All code for this article available over on GitHub

The use of a global keyboard short-cut to access a command palette has become a common pattern in many apps such as VS Code, the Mac Operating System, and even your browser's Developer Tools. Adding such a UI affordance for power users makes sense for data focused apps such as what might be built with ZingGrid or ZingChart.

Enter Ninja Keys.

The Ninja Keys library by Sergei Sleptsov provides an easy way to add command palette support using a web component (link) to just about any web app. As an experiment let’s see if we can add it to ZingGrid to make grid commands super easy.

Creating a Simple ZingGrid Demo

To include ZingGrid in our demo, we will first download the library from the ZingGrid website and include it as a plain module script tag in our document <head>.

The minified ZingGrid library script file used as the source for a module script tag.

Next in our <body> we'll create a simple 2 column grid containing first and last names of fake people.

The markup for a simple two-column zing grid containing fake data for the people Philip Fry, Turanga Leela, Bender Rodriquez, and Amy Wong.

Then after saving that code, when we open it in our browser it should render something like this:

A rendered Zing Grid titled "Hello Futurama" populated with the data from before.

Adding Ninja Keys to the Demo

To add Ninja Keys to the demo, first the library code needs to be included in the document. We can do this one of two ways: As an individual script module, or through an import statement within an existing module. For now, we'll use the former.

Two script module tags. The first one with a source pointing to the ninja keys CDN, and the second is using code to import NinjaKeys from the same CDN

The only other bit we need to add is the web component <ninja-keys> somewhere in our document's <body>. Simple as that.

The ninja-keys web component tag.

Adding Shortcuts to Ninja Keys

As it stands initially, when we hit CMD + K (CTRL + K on Windows) there are no commands we can execute, which makes sense. We haven't told Ninja Keys how to interact with ZingGrid!

A blank command palette displayed atop the simple zing grid from earlier.

To start adding shortcuts, first let's stub out a simple script module that will query any elements we need (in this case, just <ninja-keys> and <zing-grid>) and then add the array of shortcuts objects to that queried Ninja Keys element.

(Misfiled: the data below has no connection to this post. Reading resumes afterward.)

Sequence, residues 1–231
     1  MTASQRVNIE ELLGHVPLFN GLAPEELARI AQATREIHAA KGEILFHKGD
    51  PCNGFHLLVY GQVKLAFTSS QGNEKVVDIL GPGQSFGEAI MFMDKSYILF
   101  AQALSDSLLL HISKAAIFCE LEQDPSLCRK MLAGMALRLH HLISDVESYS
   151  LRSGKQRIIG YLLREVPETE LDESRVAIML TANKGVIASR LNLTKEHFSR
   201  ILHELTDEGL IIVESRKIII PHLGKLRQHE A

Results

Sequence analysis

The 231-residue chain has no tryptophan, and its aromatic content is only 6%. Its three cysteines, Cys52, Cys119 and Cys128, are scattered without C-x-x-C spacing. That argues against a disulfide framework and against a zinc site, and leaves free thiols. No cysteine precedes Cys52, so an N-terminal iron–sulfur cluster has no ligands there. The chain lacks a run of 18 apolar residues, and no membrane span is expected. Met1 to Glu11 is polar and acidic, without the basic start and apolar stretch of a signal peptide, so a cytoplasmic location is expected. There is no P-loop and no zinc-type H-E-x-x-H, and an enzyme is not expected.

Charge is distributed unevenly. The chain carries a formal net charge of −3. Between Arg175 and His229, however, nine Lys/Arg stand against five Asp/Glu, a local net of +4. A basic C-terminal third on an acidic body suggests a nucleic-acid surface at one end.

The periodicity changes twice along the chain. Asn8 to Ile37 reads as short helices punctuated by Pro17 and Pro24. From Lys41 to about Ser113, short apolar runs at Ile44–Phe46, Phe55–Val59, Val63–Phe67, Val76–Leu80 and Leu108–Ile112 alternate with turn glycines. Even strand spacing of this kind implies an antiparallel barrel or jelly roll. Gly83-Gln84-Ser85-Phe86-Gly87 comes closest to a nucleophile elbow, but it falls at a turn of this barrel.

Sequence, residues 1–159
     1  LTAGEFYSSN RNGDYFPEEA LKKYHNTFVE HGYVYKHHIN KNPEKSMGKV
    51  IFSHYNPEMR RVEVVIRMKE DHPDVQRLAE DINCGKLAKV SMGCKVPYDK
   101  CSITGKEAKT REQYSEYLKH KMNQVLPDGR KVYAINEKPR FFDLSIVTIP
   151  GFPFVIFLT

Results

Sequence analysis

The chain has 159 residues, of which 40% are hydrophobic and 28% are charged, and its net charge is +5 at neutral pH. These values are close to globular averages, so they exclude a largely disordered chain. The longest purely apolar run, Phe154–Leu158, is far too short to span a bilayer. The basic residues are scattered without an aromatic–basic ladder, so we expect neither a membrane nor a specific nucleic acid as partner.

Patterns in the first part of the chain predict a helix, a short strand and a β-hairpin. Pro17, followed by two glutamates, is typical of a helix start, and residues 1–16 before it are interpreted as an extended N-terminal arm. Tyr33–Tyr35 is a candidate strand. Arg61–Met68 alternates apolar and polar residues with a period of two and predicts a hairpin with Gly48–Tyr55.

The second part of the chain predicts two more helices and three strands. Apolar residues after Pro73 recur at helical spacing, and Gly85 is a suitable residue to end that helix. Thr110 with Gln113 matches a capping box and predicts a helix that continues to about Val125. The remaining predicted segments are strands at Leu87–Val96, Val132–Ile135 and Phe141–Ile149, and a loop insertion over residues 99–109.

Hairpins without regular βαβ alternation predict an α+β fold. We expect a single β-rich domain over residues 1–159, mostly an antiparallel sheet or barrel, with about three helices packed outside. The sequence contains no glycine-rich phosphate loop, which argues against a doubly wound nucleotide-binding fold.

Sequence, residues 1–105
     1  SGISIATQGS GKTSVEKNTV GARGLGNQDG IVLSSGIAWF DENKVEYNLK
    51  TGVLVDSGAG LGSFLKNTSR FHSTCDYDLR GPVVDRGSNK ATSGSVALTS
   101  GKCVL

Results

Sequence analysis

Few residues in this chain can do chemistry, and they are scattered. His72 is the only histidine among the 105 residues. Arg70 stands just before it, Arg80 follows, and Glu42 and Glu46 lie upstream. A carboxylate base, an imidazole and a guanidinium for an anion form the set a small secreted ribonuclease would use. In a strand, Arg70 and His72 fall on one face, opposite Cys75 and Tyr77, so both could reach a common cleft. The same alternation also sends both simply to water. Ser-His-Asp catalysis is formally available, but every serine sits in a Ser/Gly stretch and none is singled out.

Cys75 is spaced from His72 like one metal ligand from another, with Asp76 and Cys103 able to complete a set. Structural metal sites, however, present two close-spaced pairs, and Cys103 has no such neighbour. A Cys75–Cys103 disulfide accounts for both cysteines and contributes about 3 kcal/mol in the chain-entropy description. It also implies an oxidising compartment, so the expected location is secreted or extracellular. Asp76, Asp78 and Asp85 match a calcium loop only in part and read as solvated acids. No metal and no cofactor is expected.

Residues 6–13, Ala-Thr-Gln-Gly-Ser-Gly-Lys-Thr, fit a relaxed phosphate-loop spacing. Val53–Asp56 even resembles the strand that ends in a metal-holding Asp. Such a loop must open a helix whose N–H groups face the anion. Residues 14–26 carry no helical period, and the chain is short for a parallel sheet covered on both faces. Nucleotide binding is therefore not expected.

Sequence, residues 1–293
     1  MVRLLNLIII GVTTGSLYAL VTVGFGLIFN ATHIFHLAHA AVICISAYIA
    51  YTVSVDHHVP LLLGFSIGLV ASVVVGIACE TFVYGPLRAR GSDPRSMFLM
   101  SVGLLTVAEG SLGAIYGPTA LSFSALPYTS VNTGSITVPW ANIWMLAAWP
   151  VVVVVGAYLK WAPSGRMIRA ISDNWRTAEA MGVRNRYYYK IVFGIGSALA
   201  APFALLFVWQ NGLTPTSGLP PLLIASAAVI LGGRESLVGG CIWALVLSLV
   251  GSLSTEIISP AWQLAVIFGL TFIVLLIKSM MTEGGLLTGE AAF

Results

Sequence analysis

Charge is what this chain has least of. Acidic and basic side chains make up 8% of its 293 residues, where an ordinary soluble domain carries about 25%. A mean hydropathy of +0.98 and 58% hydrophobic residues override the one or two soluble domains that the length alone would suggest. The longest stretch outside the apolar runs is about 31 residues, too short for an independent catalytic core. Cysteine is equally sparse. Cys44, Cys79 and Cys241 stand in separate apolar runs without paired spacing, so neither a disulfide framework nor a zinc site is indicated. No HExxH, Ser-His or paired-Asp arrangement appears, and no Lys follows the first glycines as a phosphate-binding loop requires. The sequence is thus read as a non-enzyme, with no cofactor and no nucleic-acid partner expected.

A code stub for the ninja keys demo. Waits for page to be initialized, then queries for elements, and finally adds some pre-written ninja keys element data to the ninja keys element.

Next, let's add our first shortcut object to the NINJA_DATA array.

Shortcuts objects contain metadata about the shortcut such as a unique ID, a title to display, any parent shortcuts if it's nested, and a handler function to call when the shortcut is selected (among other things - to view all of the available options check out the Ninja Keys documentation here).

For now we'll create a shortcut to change the theme of the ZingGrid to "dark" . Luckily, to do that all we have to do is set the theme attribute on the <zing-grid> element to dark .

An array with a single shortcut object. The shortcut object has an id and title of dark theme, and a handler function with sets Zing Grid's theme attribute to dark.

Next we have to fill in the addToNinjaData() function we stubbed our earlier which will give this data to the <ninja-keys> element that we queried earlier. Luckily the <ninja-keys> API gives us a simple data property we can set.

A function titled "addToNinjaData" which sets the data attribute of the ninja element to the NINJA_DATA array.

And now when we hit CMD + K to bring up our shortcuts menu we see our Dark Theme shortcut given as a suggestion

A command palette with a single item listed: "Dark Theme". This palette sits atop a simple zing grid.

And selecting it turns our <zing-grid>'s theme dark!

The simple Zing Grid demo from earlier (sans command palette), but this time using a dark theme.

While this is certainly exciting, we should also add a way to change the theme back to light.

The NINJA_DATA array of shortcut objects from earlier, except this time a second shortcut has been added. This shortcut is identical to the first, except it's for light themes instead of dark ones.

End Result

A gif showing the command palette in action. Dark and Light theme commands are selected, and then the zing grid's theme is changed accordingly.

Next Steps

Adding additional commands is as simple as adding objects to the NINJA_DATA array we created earlier. If you'd like to make shortcuts that are a bit more complex or are nested, definitely check out the official Ninja Keys documentation.

ZingGrid has an incredibly extensive API and the documentation to back it up, so the shortcut possibilities are limitless.

Some Final Thoughts

Since ZingGrid is written with plain web technologies and does not rely on external frameworks or libraries, the interop with similarly minded libraries is a breeze.

Interested in having a command palette as a built in feature of ZingGrid? Let us know at support@zinggrid.com or chat with us directly via our online chat at https://www.zinggrid.com

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